Weather at Dallas Heritage Village


History Hits the Road

A merry troupe of historians set out one Friday to explore the history of the Cedars. This trip was part of an oral history project Dallas Heritage Village is conducting to accompany our new exhibit on the history of the neighborhood and the park. That will open in spring of 2013, and we have been busy collecting information and images. There is no better source for such information than Bennett Miller, a local developer and historian who has researched, owned and rehabilitated numerous buildings in the neighborhood.

Our happy history hunters are pictured here, left to right:

Steven Sielaff, of Baylor University’s Institute for Oral History. He is a graduate student in Baylor’s Museum Studies program and expert on how to interview people about history and get all the good information. On this trip, he was in charge of audio recording and keeping track of our location at each point using the maps on his smartphone.

Bennett Miller, our first interview subject and font of information. He authored a paper, “A Slow Walk Through Cedars History.” We hoped that by driving around the Cedars with him and encouraging him to talk about the places we saw, we could capture even more of his knowledge.

Evelyn Montgomery, me, whose main function on this trip was to drive the truck and make sure no one ran into us when we stopped to look at history.

Max Painter, my son and our volunteer videographer, who captured our journey in moving pictures.

We traveled around the museum and along the borders of the Cedars, particularly the Santa Fe tracks to the west and Grand Avenue to the south. The northern boundary disappeared long ago, under the highway which now cuts the neighborhood off from downtown.

We learned too much to mention here, but a couple of big ideas really stood out. The Cedars was once a thriving and important neighborhood, but so much of it is gone. You can find many concrete staircases the once lead to beautiful homes, and now serve as entry only to empty lots. Point to an abandoned lot in this neighborhood, and Bennett can tell you what type of home or thriving business used to be there. But as depressing as it is to think of what is missing, there is enough left to read the lives people used to live here, if you look hard and have an expert guide. This local history is not yet lost, and we can hang onto it.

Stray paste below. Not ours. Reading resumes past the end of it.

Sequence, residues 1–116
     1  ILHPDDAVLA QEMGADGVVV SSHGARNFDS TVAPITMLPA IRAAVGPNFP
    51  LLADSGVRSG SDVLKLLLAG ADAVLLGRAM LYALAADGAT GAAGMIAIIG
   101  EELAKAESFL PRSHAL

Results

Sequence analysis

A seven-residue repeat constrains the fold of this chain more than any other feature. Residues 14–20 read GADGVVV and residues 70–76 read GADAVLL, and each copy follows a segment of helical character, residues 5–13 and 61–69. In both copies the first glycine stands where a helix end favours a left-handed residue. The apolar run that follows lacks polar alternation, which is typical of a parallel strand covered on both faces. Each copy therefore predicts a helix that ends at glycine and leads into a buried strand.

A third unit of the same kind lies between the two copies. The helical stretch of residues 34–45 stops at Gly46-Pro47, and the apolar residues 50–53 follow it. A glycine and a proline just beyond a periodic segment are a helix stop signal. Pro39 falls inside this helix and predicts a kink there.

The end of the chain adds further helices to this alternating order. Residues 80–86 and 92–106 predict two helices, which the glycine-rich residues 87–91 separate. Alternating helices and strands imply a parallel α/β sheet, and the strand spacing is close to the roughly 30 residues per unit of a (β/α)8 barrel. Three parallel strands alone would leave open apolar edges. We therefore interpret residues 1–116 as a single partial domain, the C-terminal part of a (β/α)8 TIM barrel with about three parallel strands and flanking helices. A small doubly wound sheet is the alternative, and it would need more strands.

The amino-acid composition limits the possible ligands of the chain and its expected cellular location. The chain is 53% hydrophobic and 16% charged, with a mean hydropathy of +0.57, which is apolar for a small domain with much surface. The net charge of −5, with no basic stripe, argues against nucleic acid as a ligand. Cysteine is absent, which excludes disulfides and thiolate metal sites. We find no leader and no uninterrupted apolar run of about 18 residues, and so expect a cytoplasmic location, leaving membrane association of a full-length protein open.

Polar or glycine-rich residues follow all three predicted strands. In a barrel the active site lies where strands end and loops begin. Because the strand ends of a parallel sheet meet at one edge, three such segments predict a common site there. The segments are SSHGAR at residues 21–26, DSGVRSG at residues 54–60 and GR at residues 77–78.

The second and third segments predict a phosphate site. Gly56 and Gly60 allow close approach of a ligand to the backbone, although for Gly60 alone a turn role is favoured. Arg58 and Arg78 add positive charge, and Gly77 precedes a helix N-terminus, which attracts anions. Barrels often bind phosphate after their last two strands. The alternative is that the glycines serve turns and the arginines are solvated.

That was what I hoped to learn from this tour, but I was pleasantly surprised by another lesson. More people live in this neighborhood today than I ever realized. While most of the houses are gone, good examples still remain. Some look pretty shabby, but some show the obvious efforts of their residents to keep them up and make them pleasant homes. More neighborhood residents live in loft apartments in salvaged historic structures. Southside on Lamar is the first to come to mind, with many more great properties around it. But people are dwelling in buildings throughout the neighborhood. The American Beauty Mill on Ervay Street now holds 80 lofts with garage parking, thanks to Bennett, who originally developed it.

Since I care a lot about historic structures and neighborhoods, the term “developer” sometimes sounds like a synonym for “Grinch.” You live and learn. Bennett Miller is not only a passionate historian, but a businessman who knows how to save buildings by aligning them with the needs of the market. He has been honored by the Cedars Neighborhood Association for his years of community building here, and I am thrilled to help save his knowledge for posterity.

We will be doing another interview with Bennett, and then with other people whose memories can inform us about the neighborhood and Old City Park. If anyone has memories they would like to share, of working in the many industries in the neighborhood, attending City Park School, living in a house that is still standing or long gone, participating in the neighborhood art revival or anything else, contact me at

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